Google Enhanced Local Listings
Depending on who’s doing the talking, Google’s new Enhanced Local Listings (currently available only in Houston, Texas and San Jose, California) are either a boon to small businesses with small advertising budgets or the end of organic search as we know it. Here is what all the heated discussion is about.
The Google Lat Long Blog describes it as “a new ads feature in local search that allows business owners to enhance their listings.” Apparently, it is not a matter of “buying position” on the SERP: “When the listing shows up in your Google.com or Google Maps search results, the enhancement also appears alongside it.”
The “enhancement” as you can see in the screen shot is a little yellow flag. Your listing will also have “sponsored” next to it. The enhancement is something you can click on to go to the business’s website, pictures, menu, or coupon. On the screen shot you can see that the flag will take you to the company’s website.
This service costs $25 per month and according to Google, it does not affect your search engine rankings. It only shows up beside your listing where your listing would appear anyway. So what are the pluses and minuses of this program? Forums have been thrashing it out the past couple of days. The two main arguments are: 1) It could help small businesses who don’t have $1000 or so a month for an effective AdWords account and 2) Just you wait: this will result in purchasing rank eventually and organic search as we know it on Google will be over. Let’s take the arguments in turn.
OK, if you’re a small business, you probably don’t have the money or the time to plan and execute a competitive ad plan on AdWords, and the return on investment of a smaller AdWords account isn’t always worth the trouble or cost. And even small businesses can fork over $25 to highlight their ad and include a link to a coupon, menu, photos, or just the website. Maybe it would be good to run for a month while they had a special promotion going on. There’s little question that Google’s bottom line will benefit. According to a Chantilly, Va. local business advertising company called BIA / Kelsey, advertising for small businesses is a $29 billion market. Those $25 flags will add up fast if Google rolls the program out nationwide.
Google says that it is thinking about taking the program nationally, but they don’t know exactly when. Businesses in San Jose and Houston can get into the program and get an enhanced listing with a little yellow flag and link for free for the rest of February. In March, it will start costing $25 per month. Businesses that don’t rank won’t really get anything for their $25, so local SEO will still be important.
If you have a small business who’s claimed the local Google listing for your site, whether you buy an enhanced listing or not you get something called dashboard analytics that will tell you when a visitor hits your local maps-based listing where they go: to your website, directions to your place, or your Google Maps record.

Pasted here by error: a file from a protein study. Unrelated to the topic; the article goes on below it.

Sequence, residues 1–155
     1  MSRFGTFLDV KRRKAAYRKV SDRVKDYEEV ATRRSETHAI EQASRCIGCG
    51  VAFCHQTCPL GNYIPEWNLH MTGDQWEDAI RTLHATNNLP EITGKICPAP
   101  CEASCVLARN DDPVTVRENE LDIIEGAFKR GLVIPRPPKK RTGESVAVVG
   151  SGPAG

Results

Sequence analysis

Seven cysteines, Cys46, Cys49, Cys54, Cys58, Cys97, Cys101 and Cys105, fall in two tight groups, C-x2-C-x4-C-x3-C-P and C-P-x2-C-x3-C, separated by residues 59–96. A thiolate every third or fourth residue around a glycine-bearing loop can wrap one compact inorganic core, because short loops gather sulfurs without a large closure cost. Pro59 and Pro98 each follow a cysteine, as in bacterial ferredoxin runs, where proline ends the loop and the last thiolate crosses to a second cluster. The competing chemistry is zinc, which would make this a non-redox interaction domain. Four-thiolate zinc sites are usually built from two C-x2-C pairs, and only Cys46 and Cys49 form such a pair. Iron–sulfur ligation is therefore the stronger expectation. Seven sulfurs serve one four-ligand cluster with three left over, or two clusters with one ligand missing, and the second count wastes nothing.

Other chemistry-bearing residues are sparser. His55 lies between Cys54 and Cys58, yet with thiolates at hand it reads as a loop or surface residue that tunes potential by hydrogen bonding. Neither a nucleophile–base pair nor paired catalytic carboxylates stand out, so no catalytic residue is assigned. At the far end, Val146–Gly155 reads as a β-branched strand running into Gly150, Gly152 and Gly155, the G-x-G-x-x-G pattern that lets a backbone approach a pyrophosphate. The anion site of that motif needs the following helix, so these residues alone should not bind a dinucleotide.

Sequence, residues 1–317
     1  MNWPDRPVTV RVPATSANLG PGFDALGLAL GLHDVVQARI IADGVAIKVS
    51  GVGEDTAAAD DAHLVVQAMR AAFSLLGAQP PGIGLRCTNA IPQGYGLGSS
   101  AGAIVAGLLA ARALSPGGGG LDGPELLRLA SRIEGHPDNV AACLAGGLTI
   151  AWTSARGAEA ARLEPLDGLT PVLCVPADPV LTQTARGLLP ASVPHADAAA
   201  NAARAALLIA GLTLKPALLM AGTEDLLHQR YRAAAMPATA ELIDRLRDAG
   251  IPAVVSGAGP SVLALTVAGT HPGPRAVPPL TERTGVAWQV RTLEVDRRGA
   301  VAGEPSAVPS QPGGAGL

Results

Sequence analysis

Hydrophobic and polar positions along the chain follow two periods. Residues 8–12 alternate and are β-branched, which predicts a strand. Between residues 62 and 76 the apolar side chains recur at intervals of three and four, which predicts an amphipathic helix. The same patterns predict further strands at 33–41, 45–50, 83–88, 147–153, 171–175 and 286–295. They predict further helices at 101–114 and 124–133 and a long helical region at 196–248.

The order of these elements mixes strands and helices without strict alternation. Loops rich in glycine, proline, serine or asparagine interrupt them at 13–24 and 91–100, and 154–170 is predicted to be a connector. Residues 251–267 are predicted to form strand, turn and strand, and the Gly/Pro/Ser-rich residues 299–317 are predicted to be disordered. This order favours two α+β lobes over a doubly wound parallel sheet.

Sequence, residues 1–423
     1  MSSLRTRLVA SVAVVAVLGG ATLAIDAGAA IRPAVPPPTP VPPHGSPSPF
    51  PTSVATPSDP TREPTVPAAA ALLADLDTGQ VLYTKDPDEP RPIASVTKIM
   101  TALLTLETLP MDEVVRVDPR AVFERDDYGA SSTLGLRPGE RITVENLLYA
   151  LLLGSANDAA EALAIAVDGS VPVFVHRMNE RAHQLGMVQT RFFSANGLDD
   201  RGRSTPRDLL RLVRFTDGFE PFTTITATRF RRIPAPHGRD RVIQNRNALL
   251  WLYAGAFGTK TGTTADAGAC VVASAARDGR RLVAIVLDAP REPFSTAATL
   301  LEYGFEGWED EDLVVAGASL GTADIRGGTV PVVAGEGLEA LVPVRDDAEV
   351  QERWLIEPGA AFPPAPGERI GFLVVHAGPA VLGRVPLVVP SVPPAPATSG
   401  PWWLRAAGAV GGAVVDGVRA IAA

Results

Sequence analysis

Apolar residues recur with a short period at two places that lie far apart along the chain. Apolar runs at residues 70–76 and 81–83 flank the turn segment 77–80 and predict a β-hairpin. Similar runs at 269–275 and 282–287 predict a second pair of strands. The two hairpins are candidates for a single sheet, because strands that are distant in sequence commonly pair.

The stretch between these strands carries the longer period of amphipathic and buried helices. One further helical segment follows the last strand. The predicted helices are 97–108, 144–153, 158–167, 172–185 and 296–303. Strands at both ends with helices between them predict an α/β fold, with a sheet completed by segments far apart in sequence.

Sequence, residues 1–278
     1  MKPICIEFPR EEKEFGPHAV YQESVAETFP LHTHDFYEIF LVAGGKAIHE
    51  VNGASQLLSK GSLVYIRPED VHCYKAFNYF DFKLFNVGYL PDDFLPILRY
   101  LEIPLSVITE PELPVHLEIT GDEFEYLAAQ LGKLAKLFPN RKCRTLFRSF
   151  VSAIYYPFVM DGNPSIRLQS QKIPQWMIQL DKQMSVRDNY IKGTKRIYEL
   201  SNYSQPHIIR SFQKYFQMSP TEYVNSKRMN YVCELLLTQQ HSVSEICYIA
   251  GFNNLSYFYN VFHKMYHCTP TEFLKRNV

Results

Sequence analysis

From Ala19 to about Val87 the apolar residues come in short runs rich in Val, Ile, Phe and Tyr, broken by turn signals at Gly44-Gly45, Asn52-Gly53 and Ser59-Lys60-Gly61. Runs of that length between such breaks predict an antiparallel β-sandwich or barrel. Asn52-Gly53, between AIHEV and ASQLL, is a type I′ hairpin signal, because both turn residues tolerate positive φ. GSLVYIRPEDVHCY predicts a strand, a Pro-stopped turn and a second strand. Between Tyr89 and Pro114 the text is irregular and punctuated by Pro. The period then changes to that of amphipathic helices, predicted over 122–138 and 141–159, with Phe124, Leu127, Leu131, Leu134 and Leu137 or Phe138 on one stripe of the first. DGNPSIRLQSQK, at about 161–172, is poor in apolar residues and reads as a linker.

There are plenty of people, though, who see this as a slippery slope to paid rankings. Some of them believe that as the program grows, it will become competitive (like AdWords), and the position will be determined by the highest bids. Others think that if the program is nationwide, everyone will pay $25 per month and the enhanced listings will no longer stand out in a sea of little yellow flags.
Then there are those who believe that now Google has its big toe in the door, eventually there will be a more complex structure for price and what it gets you and after people get used to it, paying for real estate on page 1 of the SERPs will have worked its way into the mix without anyone thinking its any big deal. Boom: the end of Google’s organic search results. With AdWords already putting a price on 10 to 20% of the space on each SERP, Google will eventually want the other 80 to 90% to be monetized too. Other conjecture for Google’s nefarious plan include offering something like number one placement with purchase of a “premium” package.
The most likely scenario is that the program will roll out nationwide, everyone will pay $25 for a flag, and therefore nobody’s listing will stand out (except, ironically, maybe the oddball who ranks and doesn’t buy the enhanced listing). Pay for rank? I don’t know. It seems as if Google has an awful lot to lose by doing that. I suppose it is possible that Google thinks it’s so big and dominates search engines so thoroughly that they could pretty much do what they want and get away with it.
But if that were the case, it would make the time ripe for a new or open-source search engine to bust out due to its simple interface and truly organic listings. Or else Google could separate their search into something like “New Coke” (where businesses can buy rank) and “Classic Coke” (where the results are pure and ads are either gone or could be turned off). That would allow those who actually care about relevance and quality to do their thing while the ones that were OK with buying ranking could have their own search universe too.